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Our Response to COVID-19


Coronavirus Scams

Written by Cooper & Friedman on June 18, 2020

COVID-19 has brought countries across the globe to a near stand-still but it hasn’t stopped enterprising scammers and criminals. They have found new and innovative ways to take advantage of people using the pandemic. You should always be aware of these kinds of coronavirus scams and how to avoid them. Bottom line – if anything sounds too good to be true, it likely is.

Scammers are trying to capitalize on the general environment of fear, economic uncertainty, isolation, and desperation. Follow along for a look at some of the most common types of scams you may encounter during this unusual period.

5 Coronavirus Related Scams To Know About

1. Robocalls

Most people get robocalls regarding different products, services, or information. These calls deliver a pre-recorded message instead of connecting you to a living salesperson. Most government organizations like the FTC state that robocalls are more likely to be scams. Robo sales calls are illegal unless the company has acquired your permission to contact you for new offers. If you get robocalls trying to sell you miracle cures, at home COVID-19 testing, immunity boosters, or something that will keep you safe from the virus pandemic, don’t trust it. As always, it is a good idea to rely on official sources and confer with a trained medical professional before attempting any cures.

2. Phishing Attempts

Some scammers will assume a false identity to trick people and acquire their sensitive information. These scammers often target older, less tech-savvy groups because they’re less likely to be protective of such information. If you get a call from someone claiming to work for organizations like the CDC, FDA, WHO, or other such entities, be wary. These organizations will not ask anything about your username, password, credit card, or bank details. Don’t give out personal information even if the caller insists they are from tax departments like the IRS. Remember, no tax department will ask for your financial or personal information over the phone.

3. Fake Charities

Most people are open-hearted and generous especially during times of crisis. They are willing to donate money to charitable causes to do their part to help. Unfortunately, some scammers take advantage of such generosity. Some have set up fake charities and funds to take money from unsuspecting people. First, you should always perform a comprehensive background check before contributing to any coronavirus charity. There are several official funds and charities set up for this purpose. You can also contact the local government to get more information about how you can help at this time.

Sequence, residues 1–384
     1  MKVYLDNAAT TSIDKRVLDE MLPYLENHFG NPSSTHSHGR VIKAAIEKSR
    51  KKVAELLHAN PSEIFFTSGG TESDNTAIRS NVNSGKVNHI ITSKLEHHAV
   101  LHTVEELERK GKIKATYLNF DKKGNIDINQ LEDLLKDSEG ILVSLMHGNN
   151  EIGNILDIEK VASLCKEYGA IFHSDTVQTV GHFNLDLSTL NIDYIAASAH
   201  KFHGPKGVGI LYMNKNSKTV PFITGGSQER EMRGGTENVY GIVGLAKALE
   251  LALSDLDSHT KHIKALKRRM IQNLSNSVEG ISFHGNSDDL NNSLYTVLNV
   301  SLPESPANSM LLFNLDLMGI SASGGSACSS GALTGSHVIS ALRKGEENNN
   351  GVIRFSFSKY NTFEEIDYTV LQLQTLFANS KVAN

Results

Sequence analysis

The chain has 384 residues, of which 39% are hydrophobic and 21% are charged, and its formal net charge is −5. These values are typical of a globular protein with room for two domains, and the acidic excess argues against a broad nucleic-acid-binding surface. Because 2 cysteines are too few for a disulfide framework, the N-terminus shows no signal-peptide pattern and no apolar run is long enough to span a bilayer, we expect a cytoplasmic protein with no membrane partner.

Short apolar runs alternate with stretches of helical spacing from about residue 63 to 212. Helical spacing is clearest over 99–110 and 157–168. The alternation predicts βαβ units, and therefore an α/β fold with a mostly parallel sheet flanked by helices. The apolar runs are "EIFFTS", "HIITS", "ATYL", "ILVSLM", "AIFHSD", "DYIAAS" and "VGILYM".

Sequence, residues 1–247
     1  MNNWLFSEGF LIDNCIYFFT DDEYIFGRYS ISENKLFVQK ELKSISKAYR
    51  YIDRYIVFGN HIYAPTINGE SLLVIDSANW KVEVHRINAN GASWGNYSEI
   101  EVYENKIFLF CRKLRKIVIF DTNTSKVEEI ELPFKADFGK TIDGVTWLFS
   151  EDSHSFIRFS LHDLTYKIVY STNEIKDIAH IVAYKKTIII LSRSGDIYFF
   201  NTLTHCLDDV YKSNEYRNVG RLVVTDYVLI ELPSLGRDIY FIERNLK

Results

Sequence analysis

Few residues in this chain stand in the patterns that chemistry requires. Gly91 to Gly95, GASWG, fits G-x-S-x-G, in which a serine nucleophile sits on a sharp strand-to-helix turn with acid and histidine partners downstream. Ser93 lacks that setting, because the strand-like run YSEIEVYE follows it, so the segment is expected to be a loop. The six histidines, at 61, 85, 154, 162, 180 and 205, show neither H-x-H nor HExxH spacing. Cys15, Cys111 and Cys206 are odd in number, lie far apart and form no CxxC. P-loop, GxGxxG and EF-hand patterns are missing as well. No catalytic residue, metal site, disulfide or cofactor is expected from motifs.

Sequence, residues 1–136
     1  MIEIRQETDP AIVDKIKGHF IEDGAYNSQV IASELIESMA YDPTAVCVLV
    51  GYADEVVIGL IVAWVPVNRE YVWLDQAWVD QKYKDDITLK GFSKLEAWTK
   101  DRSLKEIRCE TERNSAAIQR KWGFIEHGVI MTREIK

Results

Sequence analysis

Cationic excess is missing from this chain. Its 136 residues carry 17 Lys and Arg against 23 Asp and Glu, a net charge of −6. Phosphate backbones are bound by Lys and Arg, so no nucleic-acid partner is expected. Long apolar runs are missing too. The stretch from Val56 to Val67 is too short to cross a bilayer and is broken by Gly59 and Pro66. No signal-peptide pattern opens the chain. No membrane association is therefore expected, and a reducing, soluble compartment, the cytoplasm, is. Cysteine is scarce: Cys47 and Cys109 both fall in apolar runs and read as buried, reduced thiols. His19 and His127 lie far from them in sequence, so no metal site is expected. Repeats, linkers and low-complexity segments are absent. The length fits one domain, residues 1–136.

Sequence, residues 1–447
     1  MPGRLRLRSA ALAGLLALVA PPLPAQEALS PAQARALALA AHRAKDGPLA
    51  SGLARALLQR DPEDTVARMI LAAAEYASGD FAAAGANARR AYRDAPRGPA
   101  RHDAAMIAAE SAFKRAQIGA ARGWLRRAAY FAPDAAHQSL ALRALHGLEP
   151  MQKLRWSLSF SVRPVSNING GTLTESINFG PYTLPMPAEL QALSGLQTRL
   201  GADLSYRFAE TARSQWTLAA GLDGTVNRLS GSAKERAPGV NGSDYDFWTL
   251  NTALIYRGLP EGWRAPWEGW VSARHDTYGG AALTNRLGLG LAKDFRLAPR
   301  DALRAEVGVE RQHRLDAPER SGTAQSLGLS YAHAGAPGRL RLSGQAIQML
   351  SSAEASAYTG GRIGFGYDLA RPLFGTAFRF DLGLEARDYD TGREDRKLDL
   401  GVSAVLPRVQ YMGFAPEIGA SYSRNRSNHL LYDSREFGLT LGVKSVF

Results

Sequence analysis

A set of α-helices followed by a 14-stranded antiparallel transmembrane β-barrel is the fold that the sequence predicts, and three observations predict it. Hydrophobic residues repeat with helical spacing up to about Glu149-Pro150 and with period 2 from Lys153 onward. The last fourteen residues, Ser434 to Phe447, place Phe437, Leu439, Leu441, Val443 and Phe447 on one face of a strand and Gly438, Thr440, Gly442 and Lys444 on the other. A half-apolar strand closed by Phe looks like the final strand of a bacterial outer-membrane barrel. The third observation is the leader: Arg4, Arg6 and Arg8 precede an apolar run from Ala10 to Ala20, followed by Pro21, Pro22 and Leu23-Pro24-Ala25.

4. Don’t Make Unknown Investments

The world is on the brink of a serious economic recession so it isn’t surprising that people are already looking for ways to shore up their finances. Scammers are aware of this and are willing to capitalize on your panic. Don’t invest in any schemes that promise unreasonably high returns or claim to be “guaranteed.” These scammers will also add the names of trusted organizations like the FDIC to their investments to appear legitimate. Always double-check these kinds of coronavirus scams and avoid them. It is safest to invest in legitimate, government-backed savings funds during a crisis.

5. Fraudulent Websites

There are several IT-support or coronavirus-themed websites that are dubious. They are set up to collect your personal information or gain access to your computer. Scammers using this avenue are particularly tech-savvy. The fake IT-support websites target people who are working from home. They send emails with risky attachments to people working from home, which can lead to a serious breach. The goal is to gain access to sensitive or valuable data on you or your company.

Being vigilant is the best way to avoid these scams and keep your information protected. Don’t download attachments or open links from unknown sources. Don’t become intimidated by phishing calls and never share sensitive information.

If you or someone you love has been the victim of some type of scam, seek out qualified legal guidance as quickly as possible. The experienced team at Cooper & Friedman Attorneys At Law can be reached at 502-459-7555.

Posted Under: Personal Injury, Uncategorized

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